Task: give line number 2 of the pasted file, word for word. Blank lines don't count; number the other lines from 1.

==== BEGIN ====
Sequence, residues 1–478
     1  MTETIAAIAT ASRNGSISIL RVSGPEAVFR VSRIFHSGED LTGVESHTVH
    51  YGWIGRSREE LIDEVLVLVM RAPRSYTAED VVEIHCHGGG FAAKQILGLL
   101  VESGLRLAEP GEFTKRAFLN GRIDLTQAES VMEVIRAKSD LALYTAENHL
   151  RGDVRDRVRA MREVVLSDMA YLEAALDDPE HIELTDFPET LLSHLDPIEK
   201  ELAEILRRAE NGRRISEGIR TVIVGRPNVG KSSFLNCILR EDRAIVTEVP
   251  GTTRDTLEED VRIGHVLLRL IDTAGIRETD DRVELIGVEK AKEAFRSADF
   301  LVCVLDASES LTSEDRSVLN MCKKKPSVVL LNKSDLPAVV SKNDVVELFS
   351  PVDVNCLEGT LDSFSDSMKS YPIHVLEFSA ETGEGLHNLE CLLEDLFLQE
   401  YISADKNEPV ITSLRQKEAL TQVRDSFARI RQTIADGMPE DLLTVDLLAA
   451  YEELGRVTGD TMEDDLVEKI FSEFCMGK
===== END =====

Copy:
     1  MTETIAAIAT ASRNGSISIL RVSGPEAVFR VSRIFHSGED LTGVESHTVH